The Red Sox entered the 2019 season with the lowest-ranked minor league system in the game according to Baseball America. Midway through the year, they jumped up to No. 23. And judging by BA's most recent list of Top 10 players in the Sox system, there might be some optimism regarding the future after all.
Baseball America released its annual ranking Monday -- with the Red Sox rankings penned by the Boston Globe's Alex Speier -- and it is heavy with almost-but-not-quite-ready talent, led by 2018 first-round pick Triston Casas.
Here is the latest Red Sox Top 10:
1. Triston Casas, 1B
Casas hasn't disappointed since being drafted out of high school, getting a taste of High-A ball in Salem at the end of 2019 after managing 19 home runs, a .820 OPS and .254 batting average with Single-A Greenville. ("How Red Sox 1st-round pick Triston Casas' hair sent a message")
2. Bobby Dalbec, 1B
Dalbec seemingly has a shot to crack the 2020 major league roster after continuing to excel offensively and defensively in the minors, hitting a combined 27 home runs between Double-A Portland and Triple-A Pawtucket. The 24-year-old also made his mark with the major league coaching staff while getting private instruction at Fenway Park in September before holding his own in the Premier 12 international tournament. He is also viewed as above-average defender.
3. Bryan Mata, P
Just 20 years old, Mata got his feet wet with 11 starts for Double-A Portland after dominating Single-A (1.75 ERA in 10 starts. He opened more eyes with his performance in the Arizona Fall League, hitting 99 mph while serving as a reliever.
4. Jarren Duran, OF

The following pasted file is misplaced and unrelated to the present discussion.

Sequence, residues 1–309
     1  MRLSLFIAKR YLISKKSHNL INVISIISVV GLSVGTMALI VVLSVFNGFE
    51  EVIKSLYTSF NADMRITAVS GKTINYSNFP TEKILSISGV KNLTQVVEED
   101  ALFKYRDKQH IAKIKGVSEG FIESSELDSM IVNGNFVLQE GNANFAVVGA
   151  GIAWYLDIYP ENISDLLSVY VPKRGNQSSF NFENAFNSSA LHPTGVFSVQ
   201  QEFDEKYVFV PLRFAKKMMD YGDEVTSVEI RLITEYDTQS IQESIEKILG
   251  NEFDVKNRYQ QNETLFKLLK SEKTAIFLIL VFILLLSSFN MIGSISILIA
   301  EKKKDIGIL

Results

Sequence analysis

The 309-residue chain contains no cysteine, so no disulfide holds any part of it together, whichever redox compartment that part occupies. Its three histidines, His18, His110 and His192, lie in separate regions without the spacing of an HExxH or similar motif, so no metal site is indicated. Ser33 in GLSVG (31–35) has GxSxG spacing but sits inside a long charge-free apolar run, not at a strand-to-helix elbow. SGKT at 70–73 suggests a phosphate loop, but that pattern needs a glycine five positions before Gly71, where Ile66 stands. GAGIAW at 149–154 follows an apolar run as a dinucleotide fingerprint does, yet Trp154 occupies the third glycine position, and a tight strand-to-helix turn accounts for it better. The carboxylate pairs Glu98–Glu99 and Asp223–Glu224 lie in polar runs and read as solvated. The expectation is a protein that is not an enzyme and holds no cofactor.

Duran initially struggled in Double-A after his shock-and-awe performances throughout Single-A. But the speedy lefty hitter -- who once aspired to become a Navy SEAL -- showed improvement throughout his stint in Portland, ending up with 28 stolen bases for the Sea Dogs. For a system in dire need of young outfield help, Duran represents an important piece of the equation. ("Red Sox prospect Jarren Duran strived to become Navy SEAL")
5. Darwinzon Hernandez, P
In 25 Single-A starts -- splitting time between Greenville and Salem -- Ward didn't skip a beat, finishing 2019 with a combined ERA of 2.14, striking out 157 in 126 1/3 innings while walking just 57. A 2018 fifth-round pick out of Central Florida, Ward boasts a fastball that sits 93-95 mph, having implemented a solid cutter this past season.
7. Jay Groome, P
This designation is based purely on potential, with the Sox' first-round pick in 2016 having to fend off injuries throughout his pro career, with a recent recovery from Tommy John surgery serving as the latest obstacle. At 6-foot-6, 220 pounds it's easy to see why the lefty offers so much optimism, with the 21-year-old getting a chance to turn in a couple of appearances with Single-A Lowell at the end of 2019. He is expected to hit the ground running in spring training.
8. Gilberto Jimenez, OF
Just 19 years old, the speedy outfielder held his own with Single-A Lowell, hitting .359 with an .863 OPS in 59 games. Considering the Red Sox got Jimenez in international free agency for just a $10,000 signing bonus, this might be shaping up as a solid success story for the international scouting department.
9. Noah Song, P
You probably know the story by now: Song is drafted in the fourth round after finishing his career at the Naval Academy having placed as one of the four finalists for the collegiate player of the year. Teams pass on him due to the uncertainty regarding the righty's military commitment, leaving his availability beyond 2019 in doubt. Song leaves a very strong impression in both his stay with the Spinners and then his performance with Team USA in the Premier 12 tournament. It's fair to say that if Song -- who now heads to flight school in Pensacola, Fla. -- can get clearance to return to pro baseball he will undoubtedly fly up this list.
10. Tanner Houck, P
The former Red Sox first-round pick is presenting himself as an intriguing option for the 2020 Red Sox, showing the ability to start and relieve thanks in large part to a wipeout slider. He is certainly considered on the cusp of contributing at the major league level.